SG passes three bills, updates constitution

By Heidi Cho
Nation & World Editor

Student Government passed three bills at its meeting on Wednesday, Nov. 1.

Associate Provost for Curriculum and Liberal Learning Christopher “Kit” Murphy kicked off the meeting with a presentation on implementing recommendations from the liberal learning program review.

Murphy emphasized that any changes to come from the review are still hypothetical and will not immediately change the curriculum for current students.

There are drafts to include degree level goals to the curricular structure and make liberal learning classes more helpful in the minds of students. Degree level goals would help students contextualize one of the six liberal learning domains with their major, according to Murphy.

SG passes two bills to update its constitution. (Meagan McDowell / Photo Assistant)

A survey indicated that 53 percent of the College’s students consider liberal learning a hindrance to courses for their major, according to Murphy.

Murphy gave hypothetical and possible situations of degree level learning, such as that a biology major might have a package on gender discrimination in the sciences, or an engineering major may take a course that talks about gender in computer science.

“Everything that we currently have, we’re looking to keep, and then add a few things like leadership and sustainability and teamwork and things like that,” Murphy said.

Two bills were passed that provided more clarification to SG’s constitution.

The first bill included the definition of quorum into the constitution. Previously, the constitution did not define quorum, which in SG requires 75 percent of the number of elected members to be present, as necessary to change the constitution. The second bill changed the attendance policy so that associate SG members will be included in the distribution of points.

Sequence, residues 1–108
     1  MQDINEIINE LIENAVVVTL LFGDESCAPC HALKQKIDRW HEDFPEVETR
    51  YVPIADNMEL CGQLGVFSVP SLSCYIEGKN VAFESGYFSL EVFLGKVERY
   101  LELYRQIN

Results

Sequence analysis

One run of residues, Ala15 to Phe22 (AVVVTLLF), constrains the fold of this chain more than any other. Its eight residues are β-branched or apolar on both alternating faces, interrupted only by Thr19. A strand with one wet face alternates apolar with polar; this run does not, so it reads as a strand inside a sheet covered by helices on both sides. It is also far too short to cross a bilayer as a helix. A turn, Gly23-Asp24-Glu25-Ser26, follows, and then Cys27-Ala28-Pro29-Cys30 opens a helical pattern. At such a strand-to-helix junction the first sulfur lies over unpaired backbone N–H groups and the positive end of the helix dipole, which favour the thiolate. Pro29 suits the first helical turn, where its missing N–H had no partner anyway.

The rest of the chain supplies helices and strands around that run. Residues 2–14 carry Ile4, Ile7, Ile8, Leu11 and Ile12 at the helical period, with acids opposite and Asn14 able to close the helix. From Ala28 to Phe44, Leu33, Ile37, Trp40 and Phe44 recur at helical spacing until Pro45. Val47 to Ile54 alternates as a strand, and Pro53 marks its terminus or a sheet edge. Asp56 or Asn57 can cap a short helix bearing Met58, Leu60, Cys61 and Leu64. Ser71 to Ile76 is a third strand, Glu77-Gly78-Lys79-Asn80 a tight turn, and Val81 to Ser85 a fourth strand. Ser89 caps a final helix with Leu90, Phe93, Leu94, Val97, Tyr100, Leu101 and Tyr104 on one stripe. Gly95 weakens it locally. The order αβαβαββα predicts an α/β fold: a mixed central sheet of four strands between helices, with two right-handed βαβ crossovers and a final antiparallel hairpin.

Vineeth Amba, a senator of science and sophomore biology major, proposed a bill which allows members to receive program participation points for community involvement in Trenton and Ewing, New Jersey.

The bill will add a section that gives an SG member one point for going to a community event in the local community, with a cap of two points from community events a semester.

Carly Mauro, SG’s executive vice president and a junior mathematics and statistics major, called for a friendly amendment to the bill. Mauro asked that the Alternate Student Trustee be allowed to determine if an event is point worthy, along with the Executive President and Executive Vice President.

The bill was passed with the friendly amendment.

Donations for the upcoming holiday season were discussed.

The remaining shirts from the Homecoming T-Shirt Swap will be donated to the College’s Residence Hall Association to give to families before Thanksgiving, according to Cassie Kriegel, the vice president of Student Service and a junior English and secondary education dual major.

The Here for Home, Always campaign has reached 88 percent of its goal with 13 days left as of Nov. 1, according to Melissa Sandoval, the vice president of community relations and senior Spanish and Secondary Education dual-major.

Albert Martin, the senator of engineering and a sophomore electrical engineering major, recommended auto-flush toilets.

“I just want to walk into a room and have it smell nice for once,” Martin said.

Justine Wilson, a senator of science and a junior biology major, gave a governance report about Community Engaged Learning.

The previously unofficial goals for CEL courses have been officially approved, and current CEL courses will be revised with respect to these goals, according to Wilson.

Director of Student Involvement Dave Conner introduced the interim coordinator for fraternities and sororities, Jessica Schnell.

This is the first official position the College has made to improve interactions with Greek life on campus, according to Conner.